2024 election: the digital battleground

With a snap election called in the UK, the spotlight is now on the campaigns of those vying for Number 10. How significant will marketing be in shaping the fortunes of the Conservatives, Labour and other parties in just six weeks?

In this week’s blog, we’re delving into the strategies that could determine the outcome of this high-stakes political race.

Campaign strategy

This election’s campaigns will be driven by what can be achieved in a short time rather than by financial constraints. In 2024, the national election spending cap increased by 80%, from £19.5m to approximately £35m. Comparatively, the Tories spent £16.5m in the 2019 election, while Labour spent £12m. With such substantial budgets, we can expect a massive surge in advertising across various platforms.

A notable trend will be the increased use of influencers to engage younger voters. Additionally, out-of-home marketing is likely to make a strong comeback. Campaigns will need to meet swing voters where they are – on digital billboards, gym screens and other public spaces. The focus will be on maximising visibility and reach through every available channel in a limited timeframe.

Social media strategy

Social media is a critical battleground in any election, especially one with a short campaign period. The candidates’ distinct personalities and their approach to digital engagement make this arena vital for reaching and influencing voters.

All major parties understand the necessity of a strong social media presence. The usual suspects – Facebook, Twitter and Instagram – will be flooded with targeted ads, live streams and posts designed to resonate with different demographics. Each platform has its strengths: Twitter for real-time updates and discourse, Facebook for community building, and Instagram for visually-driven content that can quickly go viral.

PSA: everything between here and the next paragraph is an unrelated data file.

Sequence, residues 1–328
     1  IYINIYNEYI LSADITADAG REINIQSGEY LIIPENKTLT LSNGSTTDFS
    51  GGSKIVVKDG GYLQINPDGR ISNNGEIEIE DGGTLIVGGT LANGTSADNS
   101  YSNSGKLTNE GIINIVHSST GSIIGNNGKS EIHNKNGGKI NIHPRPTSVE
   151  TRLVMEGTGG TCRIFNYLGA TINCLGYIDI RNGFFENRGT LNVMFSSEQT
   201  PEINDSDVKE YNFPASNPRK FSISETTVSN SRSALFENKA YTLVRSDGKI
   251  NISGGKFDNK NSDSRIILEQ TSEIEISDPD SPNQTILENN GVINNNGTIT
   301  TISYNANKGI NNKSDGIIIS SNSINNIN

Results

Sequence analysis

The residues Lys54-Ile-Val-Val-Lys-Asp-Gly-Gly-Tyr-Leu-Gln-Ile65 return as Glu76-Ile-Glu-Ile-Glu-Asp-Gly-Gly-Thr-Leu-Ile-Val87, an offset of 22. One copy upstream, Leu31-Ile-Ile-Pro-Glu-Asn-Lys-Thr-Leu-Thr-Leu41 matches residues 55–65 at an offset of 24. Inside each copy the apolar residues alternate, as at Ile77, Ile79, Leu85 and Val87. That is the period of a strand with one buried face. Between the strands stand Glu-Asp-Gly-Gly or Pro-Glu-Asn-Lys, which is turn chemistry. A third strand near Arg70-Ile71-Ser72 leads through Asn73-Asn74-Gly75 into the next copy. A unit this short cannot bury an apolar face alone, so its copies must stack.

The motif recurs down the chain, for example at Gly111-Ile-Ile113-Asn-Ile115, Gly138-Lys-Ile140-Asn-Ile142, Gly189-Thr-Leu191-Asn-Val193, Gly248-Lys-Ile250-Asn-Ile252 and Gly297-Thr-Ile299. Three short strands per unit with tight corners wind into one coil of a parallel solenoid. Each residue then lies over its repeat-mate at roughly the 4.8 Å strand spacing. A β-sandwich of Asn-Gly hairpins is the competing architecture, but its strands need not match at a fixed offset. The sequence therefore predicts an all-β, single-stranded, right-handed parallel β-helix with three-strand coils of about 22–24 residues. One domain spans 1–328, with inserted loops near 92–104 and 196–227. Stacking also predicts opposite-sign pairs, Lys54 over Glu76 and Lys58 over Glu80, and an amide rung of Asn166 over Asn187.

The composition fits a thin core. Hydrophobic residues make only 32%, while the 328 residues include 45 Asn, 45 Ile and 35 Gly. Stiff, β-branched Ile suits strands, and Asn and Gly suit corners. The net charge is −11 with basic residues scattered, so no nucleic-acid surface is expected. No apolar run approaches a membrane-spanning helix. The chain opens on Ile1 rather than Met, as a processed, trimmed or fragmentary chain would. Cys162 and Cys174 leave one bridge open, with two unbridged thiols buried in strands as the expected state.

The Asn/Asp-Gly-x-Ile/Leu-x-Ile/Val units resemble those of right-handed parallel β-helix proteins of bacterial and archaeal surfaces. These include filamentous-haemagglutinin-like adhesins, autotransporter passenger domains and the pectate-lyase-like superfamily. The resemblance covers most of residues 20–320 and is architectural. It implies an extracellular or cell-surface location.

TikTok’s emerging role

TikTok has become a new battleground in this election. Labour, the Conservatives and the Liberal Democrats have launched TikTok accounts shortly after the snap election announcement, aiming to capture the attention of younger voters who predominantly use this platform. Despite security concerns that previously led to TikTok being banned from the UK Parliament’s network and devices, the major parties are now actively engaging on the platform.

Labour has gained traction by repurposing popular memes featuring characters like Lord Farquaad from Shrek and Cilla Black, amassing 151,500 followers. The Conservatives, on the other hand, used their first post to announce a new policy of National Service for eighteen-year-olds, attracting 47,000 followers so far. This diverse approach showcases how parties tailor their messages to fit the platform’s unique culture and audience.


Whether you’re seeking a “Clear Plan, Bold Action, Secure Future” or advocating for “Change” – or perhaps feeling indifferent to both, the diversity of talent in this year’s leadership race cannot be ignored. For the past two decades, digital media has played a pivotal role in shaping our political landscape. The government recognises the immense influence of social media, design, and videography – areas in which Cordis specialise.

If you want to leverage the power of digital media for your campaign, get in contact with Cordis today. We’re here to help you navigate the ever-evolving world of marketing.